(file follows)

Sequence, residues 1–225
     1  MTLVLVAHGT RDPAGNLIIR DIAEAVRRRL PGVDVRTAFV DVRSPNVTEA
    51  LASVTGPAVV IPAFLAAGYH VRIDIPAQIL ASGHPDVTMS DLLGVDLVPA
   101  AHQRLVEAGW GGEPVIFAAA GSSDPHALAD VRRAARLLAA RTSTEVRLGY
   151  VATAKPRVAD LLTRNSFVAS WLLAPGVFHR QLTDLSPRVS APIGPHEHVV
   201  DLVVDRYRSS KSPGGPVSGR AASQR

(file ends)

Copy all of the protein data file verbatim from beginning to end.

Sequence, residues 1–225
     1  MTLVLVAHGT RDPAGNLIIR DIAEAVRRRL PGVDVRTAFV DVRSPNVTEA
    51  LASVTGPAVV IPAFLAAGYH VRIDIPAQIL ASGHPDVTMS DLLGVDLVPA
   101  AHQRLVEAGW GGEPVIFAAA GSSDPHALAD VRRAARLLAA RTSTEVRLGY
   151  VATAKPRVAD LLTRNSFVAS WLLAPGVFHR QLTDLSPRVS APIGPHEHVV
   201  DLVVDRYRSS KSPGGPVSGR AASQR